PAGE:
Small business tax preparation takes some strategy and looking ahead. When it comes to growing your business with outside financing, you’ll want to complete your taxes in a way that reflects profitability--which means you might not write off all those deductions. If you plan on applying for loans in the near future, it’s probably best to bite the bullet and pay more taxes this year. We explain more in this video:
A History of Small Business Financing : Relationships Pre-2008
Before 2008 it was pretty easy to get a small business loan from a bank if you had 3 things:
A good idea.
A good business plan.
A good relationship with your banker.
That was enough to take your business to the next level with outside financing. Your ability to secure a loan was really based on your relationship with your banker. It was relatively easy for most businesses to get outside financing before the housing/market crash of 2008.
Current State of Small Business Financing Post-2008:
When the market took a nose-dive in 2008, a few things happened to change the way small businesses applied for loans. The first and most important change was in the relationship between banker and business owner: it no longer matters what your relationship is with your banker. Your banker now has to answer to an underwriter and new federal regulations. Here’s the new process:
- You provide the following information to your banker:
- 2 years of tax returns
- Proof that the business is profitable and growing.
- Your banker submits the documents to an underwriter.
- The underwriter will inform your banker if you are approved for a loan and the terms.
Should I Take Deductions or Get Outside Financing?
You’ve really got to think ahead into the future of your small business. If you think you’ll be looking for any outside financing within the next couple of years, you’ll want to be very conservative about the deductions you write off. If you won’t be needing any outside financing within the next few years, go ahead and write off those deductions to your heart’s content.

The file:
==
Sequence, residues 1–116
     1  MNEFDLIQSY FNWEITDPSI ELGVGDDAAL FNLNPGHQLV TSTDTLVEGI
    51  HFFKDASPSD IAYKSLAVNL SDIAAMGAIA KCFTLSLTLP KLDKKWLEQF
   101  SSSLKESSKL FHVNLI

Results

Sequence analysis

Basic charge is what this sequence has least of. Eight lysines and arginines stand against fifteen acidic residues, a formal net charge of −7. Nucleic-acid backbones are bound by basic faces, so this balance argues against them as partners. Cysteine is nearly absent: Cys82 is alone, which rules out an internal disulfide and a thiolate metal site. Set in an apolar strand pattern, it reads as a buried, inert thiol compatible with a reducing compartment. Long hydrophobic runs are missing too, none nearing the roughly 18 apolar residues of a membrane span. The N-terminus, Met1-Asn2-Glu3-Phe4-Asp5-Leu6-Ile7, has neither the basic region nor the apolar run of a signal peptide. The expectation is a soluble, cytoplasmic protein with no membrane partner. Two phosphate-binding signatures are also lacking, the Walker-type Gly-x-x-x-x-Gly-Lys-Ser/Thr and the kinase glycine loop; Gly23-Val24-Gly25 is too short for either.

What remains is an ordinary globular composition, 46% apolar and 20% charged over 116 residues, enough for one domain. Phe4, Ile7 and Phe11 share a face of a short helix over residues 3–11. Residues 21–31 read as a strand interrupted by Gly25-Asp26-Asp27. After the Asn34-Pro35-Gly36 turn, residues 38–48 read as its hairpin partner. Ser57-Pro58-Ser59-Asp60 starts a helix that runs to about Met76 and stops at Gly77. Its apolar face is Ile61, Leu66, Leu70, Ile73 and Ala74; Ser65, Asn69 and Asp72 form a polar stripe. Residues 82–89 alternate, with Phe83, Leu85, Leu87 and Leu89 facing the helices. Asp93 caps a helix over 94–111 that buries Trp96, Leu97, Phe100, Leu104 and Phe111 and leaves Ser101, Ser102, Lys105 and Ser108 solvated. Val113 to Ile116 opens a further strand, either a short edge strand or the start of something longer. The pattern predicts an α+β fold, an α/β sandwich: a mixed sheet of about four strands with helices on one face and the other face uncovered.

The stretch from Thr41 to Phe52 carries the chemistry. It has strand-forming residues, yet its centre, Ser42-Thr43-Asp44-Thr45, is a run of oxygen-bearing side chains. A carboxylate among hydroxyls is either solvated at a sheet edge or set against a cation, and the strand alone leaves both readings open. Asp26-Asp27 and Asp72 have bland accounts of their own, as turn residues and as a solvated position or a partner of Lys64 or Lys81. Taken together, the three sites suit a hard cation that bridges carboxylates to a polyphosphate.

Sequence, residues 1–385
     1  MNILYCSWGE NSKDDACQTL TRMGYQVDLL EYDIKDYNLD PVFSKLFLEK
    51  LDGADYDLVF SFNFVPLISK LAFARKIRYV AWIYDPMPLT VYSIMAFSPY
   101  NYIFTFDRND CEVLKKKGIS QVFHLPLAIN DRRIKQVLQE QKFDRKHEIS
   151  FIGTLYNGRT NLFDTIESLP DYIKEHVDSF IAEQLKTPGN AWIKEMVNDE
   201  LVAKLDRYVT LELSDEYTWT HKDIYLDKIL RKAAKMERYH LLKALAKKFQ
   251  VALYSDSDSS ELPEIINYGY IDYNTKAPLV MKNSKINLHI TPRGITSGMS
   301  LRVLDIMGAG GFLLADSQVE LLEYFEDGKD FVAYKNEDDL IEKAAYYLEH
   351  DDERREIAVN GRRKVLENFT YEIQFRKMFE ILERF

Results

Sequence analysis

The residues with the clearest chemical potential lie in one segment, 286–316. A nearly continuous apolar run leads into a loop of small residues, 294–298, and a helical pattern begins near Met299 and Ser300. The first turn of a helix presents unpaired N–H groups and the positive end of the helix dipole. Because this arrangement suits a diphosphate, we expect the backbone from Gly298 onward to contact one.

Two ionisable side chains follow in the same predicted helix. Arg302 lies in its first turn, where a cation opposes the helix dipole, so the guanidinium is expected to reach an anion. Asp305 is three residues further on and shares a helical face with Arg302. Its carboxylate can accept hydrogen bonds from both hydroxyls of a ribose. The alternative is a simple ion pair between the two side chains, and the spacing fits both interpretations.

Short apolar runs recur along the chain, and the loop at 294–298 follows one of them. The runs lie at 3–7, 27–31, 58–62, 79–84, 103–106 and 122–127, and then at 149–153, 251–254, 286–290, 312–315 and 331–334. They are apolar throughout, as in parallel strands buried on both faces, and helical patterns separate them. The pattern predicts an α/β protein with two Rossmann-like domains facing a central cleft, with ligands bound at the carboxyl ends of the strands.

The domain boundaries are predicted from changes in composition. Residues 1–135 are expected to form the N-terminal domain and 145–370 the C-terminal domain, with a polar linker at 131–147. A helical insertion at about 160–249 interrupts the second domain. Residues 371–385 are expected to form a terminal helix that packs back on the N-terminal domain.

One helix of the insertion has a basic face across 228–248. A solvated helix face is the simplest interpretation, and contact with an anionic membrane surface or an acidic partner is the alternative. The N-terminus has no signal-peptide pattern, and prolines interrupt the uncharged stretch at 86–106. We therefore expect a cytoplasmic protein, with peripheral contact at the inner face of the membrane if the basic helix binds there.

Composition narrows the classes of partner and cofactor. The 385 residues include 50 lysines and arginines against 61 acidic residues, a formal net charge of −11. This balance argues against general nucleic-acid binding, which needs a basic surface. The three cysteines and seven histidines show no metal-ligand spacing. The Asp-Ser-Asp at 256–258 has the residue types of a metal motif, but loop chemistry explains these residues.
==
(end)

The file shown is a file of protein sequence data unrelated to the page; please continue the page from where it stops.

Would You Like Specific Advice For Your Small Business? Free Tax Consultation:
Ryan: Hi, I’m Ryan Steck. I’m the lead CPA here at Ignite Spot
Ann: And I’m Ann Whittaker. I’m in the marketing department, and I have no idea what we’re talking about today.
Ryan: Should be exciting for Ann and the rest of you. So today, what we’re going to talk about is financing. Not only are we going to talk about financing, but we’re going to talk about tax strategy and financing. What do I mean by financing? A lot of businesses out there need loans at some point.
Ann: Got it.
Ryan: Businesses like to grow; they like to develop. Sometimes we don’t have the resources to get what we want as a business. So, we need to get some outside funding. A lot of people go the traditional route, and start to look at banks to get their funding.
Ryan: So what we’re going to talk about today is what does funding mean for your business, what tax strategies there are, and how those two get married together, and how they can work against each other.
Ann: So this is kind of going over, then, you know, as you’re trying to grow your business you want to be aware of the tax consequences of the route you choose.
Ryan: Absolutely. The tax consequences, but also understanding changes you can and can’t make if you think you’re going to get a loan.
Ann: Got it.
Ryan: First, let’s start talking about the lending environment right now, and what it looks like to go out and get a loan. First, is a quick history lesson: before 2008, it was pretty easy to get a loan. If you had a good business plan, a good idea, and a strong relationship with a banker, a loan officer, or someone who was lending money, odds were you were probably going to get the loan you wanted.